Bush's biggest whopper

The president's 16-word stretcher about African uranium was nothing compared to his lie about the links between Osama and Saddam.

By David Corn
Published July 24, 2003 10:38PM (EDT)

The White House is correct. The fuss over a 16-word sentence in the president's State of the Union speech has been overblown. Bush did maintain that Saddam Hussein was shopping for uranium in Africa -- a charge partly or entirely based on wrong or unproven intelligence -- to bolster the case for war. But this was a small slice of Bush's argument. Troops did not invade Iraq shouting, "Remember the yellowcake." It's a safe bet that when Bush read that one line, he believed it to be true and assumed it was based on reasonable evidence. That's what staff is for. This doesn't mean he ought to escape criticism. Bush condoned, established or ignored an atmosphere in which administration officials felt quite comfortable placing their thumb on the scale when presenting evidence against Iraq. The latest revelation is that deputy national security advisor Stephen Hadley ignored a CIA warning about the uranium-in-Africa charge sent to him and national security advisor Condoleeza Rice. But fixating on Nigergate is sweating the small stuff. There are other instances when Bush told bigger and more substantial untruths for which he has much less of an excuse.

In arguing for war, Bush for months claimed that Saddam was in cahoots with al-Qaida. This was a powerful charge. Bush did not merely say there were links between the Iraqi government and Osama bin Laden's murderous outfit. He declared there was an alliance. During a Nov. 7 press conference, Bush referred to Saddam and exclaimed: "He's a threat because he is dealing with al-Qaida." While it is unrealistic to expect that Bush, on his own, examined the supposed evidence underlying the uranium-from-Africa allegation, it is not unreasonable to believe that Bush, prior to charging that Saddam and bin Laden were in league, would have made certain he was speaking accurately.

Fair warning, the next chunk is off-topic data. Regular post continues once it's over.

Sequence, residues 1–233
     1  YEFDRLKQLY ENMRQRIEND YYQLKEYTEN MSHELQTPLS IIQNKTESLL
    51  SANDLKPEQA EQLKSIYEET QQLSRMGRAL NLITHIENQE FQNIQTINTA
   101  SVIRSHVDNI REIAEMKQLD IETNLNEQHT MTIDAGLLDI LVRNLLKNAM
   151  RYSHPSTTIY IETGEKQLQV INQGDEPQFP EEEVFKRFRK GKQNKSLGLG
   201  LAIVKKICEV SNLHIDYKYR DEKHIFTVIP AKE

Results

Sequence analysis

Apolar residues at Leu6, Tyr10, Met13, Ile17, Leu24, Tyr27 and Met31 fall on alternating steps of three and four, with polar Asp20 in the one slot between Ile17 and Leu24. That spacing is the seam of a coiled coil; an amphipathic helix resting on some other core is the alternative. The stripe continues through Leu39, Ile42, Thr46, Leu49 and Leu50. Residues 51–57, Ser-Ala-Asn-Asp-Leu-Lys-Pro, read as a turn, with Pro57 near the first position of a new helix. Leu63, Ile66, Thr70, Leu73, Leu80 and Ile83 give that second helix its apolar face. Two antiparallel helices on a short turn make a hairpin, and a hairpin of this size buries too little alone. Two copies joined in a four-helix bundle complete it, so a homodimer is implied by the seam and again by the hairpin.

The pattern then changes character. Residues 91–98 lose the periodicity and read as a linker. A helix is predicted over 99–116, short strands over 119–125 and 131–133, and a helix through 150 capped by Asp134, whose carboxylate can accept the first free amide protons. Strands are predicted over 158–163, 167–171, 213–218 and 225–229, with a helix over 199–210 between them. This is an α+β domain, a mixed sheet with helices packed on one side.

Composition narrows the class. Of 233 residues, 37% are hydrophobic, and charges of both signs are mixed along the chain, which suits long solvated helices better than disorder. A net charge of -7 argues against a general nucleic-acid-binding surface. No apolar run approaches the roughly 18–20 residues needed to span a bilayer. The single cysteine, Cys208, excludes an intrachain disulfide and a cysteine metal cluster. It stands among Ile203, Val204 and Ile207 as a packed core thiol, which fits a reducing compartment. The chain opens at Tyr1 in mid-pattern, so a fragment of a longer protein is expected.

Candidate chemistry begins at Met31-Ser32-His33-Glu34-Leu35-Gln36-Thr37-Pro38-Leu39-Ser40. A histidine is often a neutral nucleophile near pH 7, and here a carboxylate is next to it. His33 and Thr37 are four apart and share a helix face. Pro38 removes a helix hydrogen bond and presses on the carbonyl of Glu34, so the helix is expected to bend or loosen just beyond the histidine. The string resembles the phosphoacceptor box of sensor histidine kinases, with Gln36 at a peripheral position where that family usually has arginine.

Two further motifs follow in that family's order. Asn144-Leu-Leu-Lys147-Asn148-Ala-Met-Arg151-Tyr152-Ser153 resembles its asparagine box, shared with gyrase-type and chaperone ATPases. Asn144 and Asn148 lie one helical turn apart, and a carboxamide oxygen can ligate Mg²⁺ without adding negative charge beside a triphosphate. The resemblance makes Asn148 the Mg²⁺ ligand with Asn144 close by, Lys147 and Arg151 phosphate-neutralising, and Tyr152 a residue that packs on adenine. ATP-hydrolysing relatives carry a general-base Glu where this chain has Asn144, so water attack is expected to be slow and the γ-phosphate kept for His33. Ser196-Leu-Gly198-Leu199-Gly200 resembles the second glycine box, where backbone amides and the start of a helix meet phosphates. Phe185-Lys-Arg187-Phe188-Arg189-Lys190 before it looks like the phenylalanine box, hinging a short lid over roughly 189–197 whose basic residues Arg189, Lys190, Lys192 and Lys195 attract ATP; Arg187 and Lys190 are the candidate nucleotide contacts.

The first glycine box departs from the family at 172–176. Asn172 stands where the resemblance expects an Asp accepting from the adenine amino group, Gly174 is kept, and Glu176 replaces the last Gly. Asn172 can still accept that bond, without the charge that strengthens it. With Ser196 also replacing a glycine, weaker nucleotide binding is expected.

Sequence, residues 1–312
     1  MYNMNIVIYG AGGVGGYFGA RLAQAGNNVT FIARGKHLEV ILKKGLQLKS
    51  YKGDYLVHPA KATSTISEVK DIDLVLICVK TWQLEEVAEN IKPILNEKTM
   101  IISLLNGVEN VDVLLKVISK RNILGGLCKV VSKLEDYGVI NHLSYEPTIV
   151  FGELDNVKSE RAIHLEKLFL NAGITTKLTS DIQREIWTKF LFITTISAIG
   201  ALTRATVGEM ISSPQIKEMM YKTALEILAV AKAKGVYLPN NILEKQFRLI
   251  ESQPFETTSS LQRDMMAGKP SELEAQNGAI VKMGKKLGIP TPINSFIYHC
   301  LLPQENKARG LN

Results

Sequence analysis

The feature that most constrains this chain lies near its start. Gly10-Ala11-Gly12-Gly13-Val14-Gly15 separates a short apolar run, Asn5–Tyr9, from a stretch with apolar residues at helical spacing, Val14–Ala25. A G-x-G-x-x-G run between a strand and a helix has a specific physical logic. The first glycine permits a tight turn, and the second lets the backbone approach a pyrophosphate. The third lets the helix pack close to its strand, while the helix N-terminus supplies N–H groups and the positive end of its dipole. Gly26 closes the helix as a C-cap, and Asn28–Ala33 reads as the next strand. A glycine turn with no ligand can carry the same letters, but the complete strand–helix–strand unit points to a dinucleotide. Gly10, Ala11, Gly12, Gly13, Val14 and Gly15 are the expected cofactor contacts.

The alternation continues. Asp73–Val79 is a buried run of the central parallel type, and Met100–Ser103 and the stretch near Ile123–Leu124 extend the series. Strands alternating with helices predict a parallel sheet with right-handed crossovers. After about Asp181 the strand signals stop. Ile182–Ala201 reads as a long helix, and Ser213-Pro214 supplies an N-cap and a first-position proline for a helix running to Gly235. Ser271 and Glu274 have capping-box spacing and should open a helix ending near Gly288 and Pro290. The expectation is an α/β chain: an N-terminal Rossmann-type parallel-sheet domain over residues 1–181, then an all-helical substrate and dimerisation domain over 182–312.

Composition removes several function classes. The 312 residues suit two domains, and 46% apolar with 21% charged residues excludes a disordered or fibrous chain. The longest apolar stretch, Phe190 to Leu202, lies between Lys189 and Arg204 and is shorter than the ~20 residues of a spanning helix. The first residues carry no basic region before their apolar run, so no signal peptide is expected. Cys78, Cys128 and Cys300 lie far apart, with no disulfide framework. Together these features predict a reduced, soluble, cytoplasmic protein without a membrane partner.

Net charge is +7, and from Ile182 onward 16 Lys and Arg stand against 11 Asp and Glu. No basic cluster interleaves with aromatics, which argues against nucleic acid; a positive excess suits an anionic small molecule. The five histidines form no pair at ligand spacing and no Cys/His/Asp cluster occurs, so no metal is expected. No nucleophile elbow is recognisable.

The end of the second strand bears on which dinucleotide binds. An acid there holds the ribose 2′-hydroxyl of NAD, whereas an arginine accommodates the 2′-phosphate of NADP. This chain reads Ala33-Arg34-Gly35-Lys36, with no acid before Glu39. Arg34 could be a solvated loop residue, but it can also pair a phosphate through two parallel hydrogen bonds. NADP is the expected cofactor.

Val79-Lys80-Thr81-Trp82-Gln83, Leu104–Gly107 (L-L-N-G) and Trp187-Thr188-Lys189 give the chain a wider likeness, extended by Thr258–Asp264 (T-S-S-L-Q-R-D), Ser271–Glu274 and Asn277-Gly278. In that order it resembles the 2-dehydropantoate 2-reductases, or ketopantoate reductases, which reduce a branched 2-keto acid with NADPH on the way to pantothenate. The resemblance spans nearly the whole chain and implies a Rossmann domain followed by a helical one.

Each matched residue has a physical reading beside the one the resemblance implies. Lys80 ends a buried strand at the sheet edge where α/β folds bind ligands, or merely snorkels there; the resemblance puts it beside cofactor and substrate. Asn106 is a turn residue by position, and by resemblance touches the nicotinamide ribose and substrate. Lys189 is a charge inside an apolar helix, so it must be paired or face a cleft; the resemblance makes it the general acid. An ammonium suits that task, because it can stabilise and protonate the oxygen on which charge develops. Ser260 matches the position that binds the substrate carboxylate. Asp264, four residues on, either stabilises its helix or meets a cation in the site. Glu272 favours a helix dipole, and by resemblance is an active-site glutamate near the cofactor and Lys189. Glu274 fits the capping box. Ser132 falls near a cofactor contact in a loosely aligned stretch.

Yet weeks earlier, the CIA had released findings that noted it had gathered evidence of a few contacts over the years between the Iraqi government and al-Qaida but nothing pointing to a current partnership. Recent news reports revealed that the October 2002 National Intelligence Estimate on Iraq, most of which remains classified, conveyed an unclear picture of whatever contacts might have existed and warned about the reliability of the intelligence on this subject. So how did Bush reach his no-question-about-it conclusion that Saddam was "dealing" with bin Laden? In this case, he cannot blame an aide for inserting a line into a speech.

That was not the only time Bush or top administration officials made an unfounded claim of connections between Iraq an al-Qaida. During a Feb. 5 presentation to the United Nations, Secretary of State Colin Powell asserted there was a "sinister nexus" between Iraq and al-Qaida. He maintained that a terrorist named Abu Masab al-Zarqawi, who had allegedly helped establish a poison-training camp for terrorists in the Kurdish-controlled territory of northern Iraq, was collaborating with al-Qaida and being supported by Saddam's government. Powell suggested that bin Laden and Saddam were doing business through this middleman. After his speech, terrorism experts and government officials said the evidence of this A-to-B-to-C relationship was spotty. CIA director George Tenet, in congressional testimony, noted that Zarqawi and his network were "independent" of al-Qaida. Yet none of this stopped Bush from saying, two days after Powell's presentation, that Saddam was "harboring a terrorist network, headed by a senior al-Qaida planner."